Summer Sketching School
Architects sketch when they travel - in all kinds of media, on fine watercolour paper and in simple sketchbooks, on napkins in bars and paper place mats in sidewalk cafés, on backs of envelopes, on empty cigarette packs, and even, but rarely, on stretched canvas. Some keep journals that document journeys with ruled margins and crisp pencil drawings and others fill notebooks where train schedules and e-mail addresses share the page with watercolours of the Parthenon. For most, these sketches are more than just images; they are evidence of curiosity and the result of attempts to understand the world by observing and drawing what is seen and experienced. They record both information and knowledge and reveal a process of inquiry and searching in which architectural ideas are explored and a deeper understanding of the environment developed.
This kind of sketching is for architects a fundamental skill but it is acquired with practice, so at the end of every summer half of the student body of the McGill School of Architecture and two faculty members disappear for a little over one week to Sketching School, a one-credit course that the University Calendar, with characteristic understatement, defines as "an eight-day supervised field trip in the late summer to sketch places or things having specific visual characteristics."
The location of Sketching School moves every year but the criteria used in its selection have not changed significantly since 1921, when the course was offered for the first time. The site is usually a small to medium-sized town, large enough to accommodate the class in hotels, motels, inns, dormitories, guest houses and campgrounds, but not so large that the group itself is absorbed. It is within a day's travel from Montreal by road or rail and is located on the shore of a navigable body of water - the sea, a river, a major lake. Most importantly, the place selected is architecturally rich and visually memorable. Quebec City and Kingston, sites of the first two Sketching Schools, are still popular locations. In the last ten years, the course has travelled to five provinces, and other places visited include: Port Hope and Gananoque, Ontario; Baie St-Paul and La Malbaie, Quebec; Halifax and Lunenburg, Nova Scotia; Charlottetown, PEI; and Saint John, New Brunswick. In 1991, it was held for the first time in the USA, in Gloucester, Massachusetts, and in 1993, in Bar Harbor, Maine. Last year, the course travelled to Saint John, New Brunswick, and this summer it will be held in Portsmouth, New Hampshire.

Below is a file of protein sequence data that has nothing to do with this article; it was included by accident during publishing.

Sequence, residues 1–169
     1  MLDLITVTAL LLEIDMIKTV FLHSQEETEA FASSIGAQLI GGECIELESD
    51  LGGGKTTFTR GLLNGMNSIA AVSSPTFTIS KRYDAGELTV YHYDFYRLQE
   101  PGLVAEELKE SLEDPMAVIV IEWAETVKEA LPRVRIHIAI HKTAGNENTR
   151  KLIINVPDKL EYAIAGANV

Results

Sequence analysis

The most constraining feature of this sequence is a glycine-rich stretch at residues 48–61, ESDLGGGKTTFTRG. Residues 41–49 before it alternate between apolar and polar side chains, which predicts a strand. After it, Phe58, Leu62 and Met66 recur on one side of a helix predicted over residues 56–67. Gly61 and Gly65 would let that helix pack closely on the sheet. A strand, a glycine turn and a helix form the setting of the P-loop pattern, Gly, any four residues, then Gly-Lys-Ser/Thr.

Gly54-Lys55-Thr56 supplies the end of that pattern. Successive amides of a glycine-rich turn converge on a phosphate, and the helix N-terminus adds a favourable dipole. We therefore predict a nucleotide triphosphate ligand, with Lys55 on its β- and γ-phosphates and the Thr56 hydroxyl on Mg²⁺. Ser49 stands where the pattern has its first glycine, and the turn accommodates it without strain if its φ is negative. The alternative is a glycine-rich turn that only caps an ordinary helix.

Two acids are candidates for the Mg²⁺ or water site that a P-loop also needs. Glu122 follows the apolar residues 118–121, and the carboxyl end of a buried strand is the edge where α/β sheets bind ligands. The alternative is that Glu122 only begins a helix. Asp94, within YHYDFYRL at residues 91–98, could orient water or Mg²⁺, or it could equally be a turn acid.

During the course, students are expected to explore the place - townscape and landscape - and to make sketches that describe what they find. Final evaluation is based on a portfolio of at least twenty pieces, the majority of which must be substantially worked. The emphasis is on field sketching as opposed to studio work, so students draw outside every day, working individually and in small groups, and in a variety of media, but not to the extent that they become distracted from the subject. On rainy days, those determined to remain outside find shelter under an assortment of overhangs, gazebos, balconies and canopies, while those retreating indoors find inspiration in markets, taverns, churches, boat sheds and other previously undiscovered interiors. Every second evening, we meet in a gymnasium, hotel meeting room, community centre or some other place large enough for the class to assemble comfortably and with enough wall space for two days' worth of sketches. These sessions last two hours and provide a forum not only for a review of the work but also for informal discussions on the intentions of the course and on the process by which images and memories are formed.
By the end of the course, the place is thoroughly and eloquently documented in the fifteen hundred images generated by the group over the eight-day period. The volume of production is impressive, as a body of work and as the result of a process intended to develop in architecture students not only a love of drawing but also an appreciation for its power as a mechanism for understanding the world.
For more information about the 2013 Sketching School, please click HERE.
Previous Sketching School Sites
|1959||Quebec (Ile d'Orléans)|
|1963||Baie St. Paul|
|1988||Saint John, NB|
|1993||Bar Harbor, Maine|
|1998||Saint John, NB|
|2003||Saint John, NB|
|2004||Bar Harbor, Maine|
|2005||Baie St-Paul, Quebec|
|2006||Lunenburg, Nova Scotia|
|2008||Saint John, NB|
|2009||Baie St-Paul, Quebec|
|2010||Lunenburg, Nova Scotia|
|2012||Saint John, NB|
|2013||Portsmouth, New Hampshire|